An Ebola vaccination campaign has begun in northwest Democratic Republic of the Congo (DRC), to halt the spread of a deadly new outbreak in the country, where the disease is endemic.
The UN World Health Organization (WHO) said on Wednesday that people have now been inoculated in Mbandaka, the capital city of Equateur Province west.
It follows the deaths of two people from Ebola since 21 April. More than 230 contacts of the deceased have been identified and monitored and three vaccination teams will work to reach those at highest risk, according to WHO.
“With effective vaccines at hand and the experience of DRC health workers in Ebola response, we can quickly change the course of this outbreak for the better,” said Dr Matshidiso Moeti, the UN agency’s Regional Director for Africa. “We are supporting the country in all the key aspects of Ebola emergency response to protect and save lives.”
The DR Congo has seen 14 Ebola outbreaks since 1976 – six just since 2018.
With support from WHO and other partners and donors, the country has become expert in mounting effective Ebola response, the UN agency noted.
Around 200 doses of the rVSV-ZEBOV Ebola vaccine have been shipped to Mbandaka from the eastern city of Goma and further doses will be delivered in coming days.
The vaccination is injected according to the “ring strategy”, whereby the contacts – and the contacts of contacts – of confirmed Ebola patients, receive the jab, as well as frontline and health workers.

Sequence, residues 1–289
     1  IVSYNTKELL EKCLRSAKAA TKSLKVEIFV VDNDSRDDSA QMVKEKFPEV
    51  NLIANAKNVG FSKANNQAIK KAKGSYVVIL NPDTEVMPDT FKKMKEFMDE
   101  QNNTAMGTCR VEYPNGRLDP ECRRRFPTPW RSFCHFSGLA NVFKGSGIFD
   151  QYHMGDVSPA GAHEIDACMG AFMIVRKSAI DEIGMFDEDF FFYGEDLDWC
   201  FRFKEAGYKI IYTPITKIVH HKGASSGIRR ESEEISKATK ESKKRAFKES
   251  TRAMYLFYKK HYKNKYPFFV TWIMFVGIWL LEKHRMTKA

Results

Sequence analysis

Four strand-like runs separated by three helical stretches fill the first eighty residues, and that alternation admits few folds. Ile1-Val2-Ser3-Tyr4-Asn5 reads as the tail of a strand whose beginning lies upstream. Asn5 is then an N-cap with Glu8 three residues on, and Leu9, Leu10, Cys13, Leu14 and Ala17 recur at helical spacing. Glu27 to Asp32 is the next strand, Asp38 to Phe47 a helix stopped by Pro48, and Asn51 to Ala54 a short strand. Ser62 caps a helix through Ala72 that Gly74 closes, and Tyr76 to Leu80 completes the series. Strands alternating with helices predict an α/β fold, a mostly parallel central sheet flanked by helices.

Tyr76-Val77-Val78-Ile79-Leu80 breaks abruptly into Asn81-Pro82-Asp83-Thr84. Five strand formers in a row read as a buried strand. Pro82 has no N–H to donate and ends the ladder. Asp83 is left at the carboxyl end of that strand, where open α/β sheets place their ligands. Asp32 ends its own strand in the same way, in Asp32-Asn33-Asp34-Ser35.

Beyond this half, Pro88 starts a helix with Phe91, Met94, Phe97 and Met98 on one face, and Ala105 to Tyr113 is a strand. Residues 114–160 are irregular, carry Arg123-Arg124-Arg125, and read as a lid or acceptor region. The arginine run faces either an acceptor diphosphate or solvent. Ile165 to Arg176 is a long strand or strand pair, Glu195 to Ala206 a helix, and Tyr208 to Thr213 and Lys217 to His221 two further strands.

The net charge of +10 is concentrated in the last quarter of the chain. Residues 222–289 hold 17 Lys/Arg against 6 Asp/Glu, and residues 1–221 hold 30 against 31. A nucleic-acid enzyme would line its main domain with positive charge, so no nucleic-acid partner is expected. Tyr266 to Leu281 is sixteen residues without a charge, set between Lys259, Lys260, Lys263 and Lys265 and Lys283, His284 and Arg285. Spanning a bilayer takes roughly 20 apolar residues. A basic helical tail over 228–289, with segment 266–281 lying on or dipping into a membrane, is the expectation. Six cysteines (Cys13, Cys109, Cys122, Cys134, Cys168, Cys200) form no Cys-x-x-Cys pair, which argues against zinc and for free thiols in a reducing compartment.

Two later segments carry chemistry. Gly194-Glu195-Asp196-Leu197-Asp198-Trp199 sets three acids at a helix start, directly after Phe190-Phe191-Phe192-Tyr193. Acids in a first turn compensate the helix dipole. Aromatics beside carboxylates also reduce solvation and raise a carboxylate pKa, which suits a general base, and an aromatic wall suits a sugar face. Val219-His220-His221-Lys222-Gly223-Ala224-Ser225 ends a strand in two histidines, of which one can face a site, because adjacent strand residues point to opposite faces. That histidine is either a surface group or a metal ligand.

In addition to the vaccination campaign, a 20-bed Ebola treatment centre has been set up in Mbandaka. Disease surveillance and investigation of suspected Ebola patients are already underway to detect new infections, and WHO has also provided material support as well as six epidemiologists to assist in the response.
National health authorities are also crucial to the effort, including the National Institute for Biomedical Research, which has completed an analysis of a sample from the first confirmed case, results of which show that the new outbreak indicates a new strain of Ebola, the result of a “spill-over event from the host or animal reservoir”, WHO said.
Investigations are ongoing to determine the source of the new outbreak and how it came to infect the first confirmed person.